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#1
Old 03-30-2006, 07:35 PM
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Depositing check made out to multiple individuals

I finally received the security deposit refund from the apartment I vacated more than six months ago. The check is made out to both signers of the lease, though, and we don't have a joint account. I'm assuming the bank won't accept the check without some endorsement from my former roommate, but I wasn't sure how detailed that endorsement had to be. Would a signature be enough? Or does the bank need to see words to the effect of "make payable to biqu" / "deposit into account indicated below" in the same handwriting as the signature? I can easily obtain either type of endorsement (since I paid the full security deposit initially, my former roommate won't demand half of the refund amount), so all I need is the straight dope on check deposit law.
#2
Old 03-30-2006, 07:38 PM
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Quote:
Originally Posted by biqu
I finally received the security deposit refund from the apartment I vacated more than six months ago. The check is made out to both signers of the lease, though, and we don't have a joint account. I'm assuming the bank won't accept the check without some endorsement from my former roommate, but I wasn't sure how detailed that endorsement had to be. Would a signature be enough? Or does the bank need to see words to the effect of "make payable to biqu" / "deposit into account indicated below" in the same handwriting as the signature? I can easily obtain either type of endorsement (since I paid the full security deposit initially, my former roommate won't demand half of the refund amount), so all I need is the straight dope on check deposit law.
Is it possible for both of you to visit the bank it is drawn from?
#3
Old 03-30-2006, 07:38 PM
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Join Date: May 2000
Posts: 26,933
I am not sure about the straight deposit into an account but sometimes the easiest way is to get the bank to just plain cash it, you take the money, and then deposit it later as you choose. An endorsement from your former roommate should allow you to do that on your own.

Cashing is sometimes a good workaround for screwy bank procedures.
#4
Old 03-30-2006, 07:42 PM
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Join Date: May 2000
Posts: 26,933
Here is the way to "sign over" a check to someone else. Your ex-roomie can do that and it sounds like the check is just yours afterwards.

http://joshstaiger.org/archives/..._sign_ove.html
#5
Old 03-30-2006, 07:46 PM
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100% dependent on individual bank policy.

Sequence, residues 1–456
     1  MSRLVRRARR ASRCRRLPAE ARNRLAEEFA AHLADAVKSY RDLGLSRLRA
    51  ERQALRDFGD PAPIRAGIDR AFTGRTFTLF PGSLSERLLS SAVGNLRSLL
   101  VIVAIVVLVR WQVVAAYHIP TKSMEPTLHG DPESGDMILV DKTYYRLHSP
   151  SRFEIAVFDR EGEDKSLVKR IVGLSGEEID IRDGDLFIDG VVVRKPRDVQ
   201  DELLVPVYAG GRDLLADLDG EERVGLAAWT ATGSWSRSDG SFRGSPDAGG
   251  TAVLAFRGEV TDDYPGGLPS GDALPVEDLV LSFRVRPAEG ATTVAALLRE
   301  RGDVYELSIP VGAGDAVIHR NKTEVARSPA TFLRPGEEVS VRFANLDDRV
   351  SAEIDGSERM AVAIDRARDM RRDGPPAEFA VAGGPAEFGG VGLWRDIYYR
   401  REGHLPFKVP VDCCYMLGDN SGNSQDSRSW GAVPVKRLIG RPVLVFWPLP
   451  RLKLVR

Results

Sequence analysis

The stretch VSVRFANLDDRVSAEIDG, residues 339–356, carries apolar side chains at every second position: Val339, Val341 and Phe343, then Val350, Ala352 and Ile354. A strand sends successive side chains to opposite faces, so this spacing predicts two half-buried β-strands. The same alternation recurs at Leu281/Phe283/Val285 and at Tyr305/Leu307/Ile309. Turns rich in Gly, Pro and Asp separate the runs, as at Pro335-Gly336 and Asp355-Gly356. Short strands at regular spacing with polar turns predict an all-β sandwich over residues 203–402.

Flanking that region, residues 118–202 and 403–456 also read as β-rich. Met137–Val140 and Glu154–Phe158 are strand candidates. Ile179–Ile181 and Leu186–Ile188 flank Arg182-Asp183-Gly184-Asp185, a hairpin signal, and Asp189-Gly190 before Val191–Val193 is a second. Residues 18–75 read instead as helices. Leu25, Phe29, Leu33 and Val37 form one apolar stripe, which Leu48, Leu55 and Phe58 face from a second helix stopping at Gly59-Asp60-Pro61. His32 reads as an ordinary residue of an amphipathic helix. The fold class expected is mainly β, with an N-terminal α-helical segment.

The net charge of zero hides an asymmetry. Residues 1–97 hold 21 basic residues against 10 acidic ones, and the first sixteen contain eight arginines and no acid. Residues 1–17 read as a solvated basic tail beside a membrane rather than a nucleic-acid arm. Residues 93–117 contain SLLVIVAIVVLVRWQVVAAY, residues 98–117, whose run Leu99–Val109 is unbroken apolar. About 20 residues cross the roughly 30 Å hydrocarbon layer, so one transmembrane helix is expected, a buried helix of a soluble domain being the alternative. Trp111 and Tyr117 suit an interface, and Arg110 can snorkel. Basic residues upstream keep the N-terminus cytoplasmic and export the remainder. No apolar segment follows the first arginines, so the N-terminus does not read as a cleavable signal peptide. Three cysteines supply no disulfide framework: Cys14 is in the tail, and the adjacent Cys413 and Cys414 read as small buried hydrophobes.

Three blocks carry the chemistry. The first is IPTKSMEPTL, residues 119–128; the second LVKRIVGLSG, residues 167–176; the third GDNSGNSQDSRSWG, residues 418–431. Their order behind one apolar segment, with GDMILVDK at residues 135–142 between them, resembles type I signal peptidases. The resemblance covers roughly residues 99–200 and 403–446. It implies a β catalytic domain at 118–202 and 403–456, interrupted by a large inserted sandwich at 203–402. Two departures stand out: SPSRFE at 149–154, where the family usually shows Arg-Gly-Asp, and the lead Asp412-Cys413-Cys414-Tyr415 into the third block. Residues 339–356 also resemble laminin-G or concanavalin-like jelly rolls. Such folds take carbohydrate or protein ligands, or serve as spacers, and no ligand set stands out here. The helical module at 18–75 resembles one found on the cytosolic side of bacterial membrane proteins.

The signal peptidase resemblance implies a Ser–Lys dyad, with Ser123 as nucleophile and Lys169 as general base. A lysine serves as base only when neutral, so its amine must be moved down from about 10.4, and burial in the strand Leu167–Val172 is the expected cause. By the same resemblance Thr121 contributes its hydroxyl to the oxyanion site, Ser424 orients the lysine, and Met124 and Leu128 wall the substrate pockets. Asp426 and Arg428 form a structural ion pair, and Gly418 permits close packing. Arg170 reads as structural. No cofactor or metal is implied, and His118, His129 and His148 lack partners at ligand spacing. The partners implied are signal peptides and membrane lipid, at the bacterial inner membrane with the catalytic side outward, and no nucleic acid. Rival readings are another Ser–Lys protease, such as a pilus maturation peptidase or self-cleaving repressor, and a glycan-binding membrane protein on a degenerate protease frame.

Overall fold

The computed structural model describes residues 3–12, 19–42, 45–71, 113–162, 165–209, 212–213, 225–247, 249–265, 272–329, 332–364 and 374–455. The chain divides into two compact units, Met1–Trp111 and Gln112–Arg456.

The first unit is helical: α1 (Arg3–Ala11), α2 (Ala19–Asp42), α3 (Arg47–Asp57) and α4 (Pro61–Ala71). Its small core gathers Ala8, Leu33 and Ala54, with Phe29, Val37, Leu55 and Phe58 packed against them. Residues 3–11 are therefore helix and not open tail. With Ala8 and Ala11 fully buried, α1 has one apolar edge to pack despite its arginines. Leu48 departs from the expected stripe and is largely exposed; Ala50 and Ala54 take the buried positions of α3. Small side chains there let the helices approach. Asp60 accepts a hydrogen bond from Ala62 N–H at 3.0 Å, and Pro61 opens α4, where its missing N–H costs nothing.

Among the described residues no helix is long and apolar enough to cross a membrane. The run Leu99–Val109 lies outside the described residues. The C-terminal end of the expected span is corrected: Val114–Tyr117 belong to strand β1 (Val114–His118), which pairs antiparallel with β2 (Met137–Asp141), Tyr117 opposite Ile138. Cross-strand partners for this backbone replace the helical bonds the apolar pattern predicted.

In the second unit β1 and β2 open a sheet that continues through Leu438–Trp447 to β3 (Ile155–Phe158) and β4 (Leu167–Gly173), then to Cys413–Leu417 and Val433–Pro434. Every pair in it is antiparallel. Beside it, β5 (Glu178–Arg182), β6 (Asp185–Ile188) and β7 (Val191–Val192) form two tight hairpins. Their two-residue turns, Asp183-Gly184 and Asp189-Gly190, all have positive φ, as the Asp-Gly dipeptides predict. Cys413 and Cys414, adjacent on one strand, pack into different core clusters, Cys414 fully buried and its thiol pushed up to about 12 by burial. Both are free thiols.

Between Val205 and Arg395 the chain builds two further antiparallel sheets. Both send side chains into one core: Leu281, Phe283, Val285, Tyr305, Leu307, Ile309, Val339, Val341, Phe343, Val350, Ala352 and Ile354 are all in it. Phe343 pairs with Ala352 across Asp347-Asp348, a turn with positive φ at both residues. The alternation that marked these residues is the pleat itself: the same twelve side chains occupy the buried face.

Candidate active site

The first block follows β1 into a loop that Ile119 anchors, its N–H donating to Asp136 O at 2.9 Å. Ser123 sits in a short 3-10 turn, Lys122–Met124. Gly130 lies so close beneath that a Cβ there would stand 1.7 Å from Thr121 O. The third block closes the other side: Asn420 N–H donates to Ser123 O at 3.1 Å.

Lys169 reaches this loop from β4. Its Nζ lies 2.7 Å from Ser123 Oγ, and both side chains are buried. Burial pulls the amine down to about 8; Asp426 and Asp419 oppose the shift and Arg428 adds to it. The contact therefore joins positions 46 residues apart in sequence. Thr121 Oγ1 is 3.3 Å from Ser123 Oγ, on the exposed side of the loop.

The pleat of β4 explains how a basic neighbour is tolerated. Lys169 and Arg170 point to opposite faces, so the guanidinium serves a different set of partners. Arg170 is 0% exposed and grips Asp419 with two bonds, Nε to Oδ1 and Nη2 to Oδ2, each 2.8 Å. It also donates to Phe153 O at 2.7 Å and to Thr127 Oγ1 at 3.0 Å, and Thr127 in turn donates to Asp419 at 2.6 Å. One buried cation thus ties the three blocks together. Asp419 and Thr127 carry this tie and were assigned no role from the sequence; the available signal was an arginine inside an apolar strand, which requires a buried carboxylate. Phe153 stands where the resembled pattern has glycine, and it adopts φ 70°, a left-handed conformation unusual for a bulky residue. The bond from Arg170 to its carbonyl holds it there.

Some banks will gladly cash it if your associate just endorses it and hands it to you.
Some banks will demand he be present to cash it.
#6
Old 03-30-2006, 07:57 PM
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Join Date: Jun 2003
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Quote:
Originally Posted by drachillix
Is it possible for both of you to visit the bank it is drawn from?
Yes, it's possible, but I'd prefer to try some of the other suggestions first. I guess I'll just get the second signature and see if the bank will cash it. If both of us need to be present, that can be arranged too, and probably sooner than we can arrange a trip to the issuing bank, whose nearest branch is a forty-minute drive away.
#7
Old 03-30-2006, 08:37 PM
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Well, you don't say where you are, so answering your question is not possible.

In the US, the UCC generally governs these situations, possibly modified by your account agreement.

Even in a worst case scenario, where the payee line says "payable to A and B" (rather than "A or B") or is legally interpreted as such (under the current UCC in force in most states, "and" is the default interpretation), the check becomes bearer paper once both payees sign it. No magic words are required under the law.

Once both payees endorse it, the drawee bank must honor it, and is liable for damages if it fails to do so. (there's a nuance or two that I'm ignoring -- one relates to which party has the claim against the drawee upon such a dishonor, and another is an ID question.)

That doesn't mean a bank who isn't the drawee must cash it. Such a bank (the depository bank) is at risk if one or both or the endorsements are forged. As a practical matter, though, if you are depositing such a check into the account of one of the two payees, especially if you do it through an ATM, it'll likely clear just fine. And if it doesn't, adding additional language on the back of the check wouldn't have helped anyway.

Disclaimer: I'm probably not licensed in your jurisdiction, and even if I am, this is general information and not reliable legal advice. Laws vary, and I haven't seen the check or your account agreement. See a lawyer licensed in your jurisdiction for advice you can rely on.
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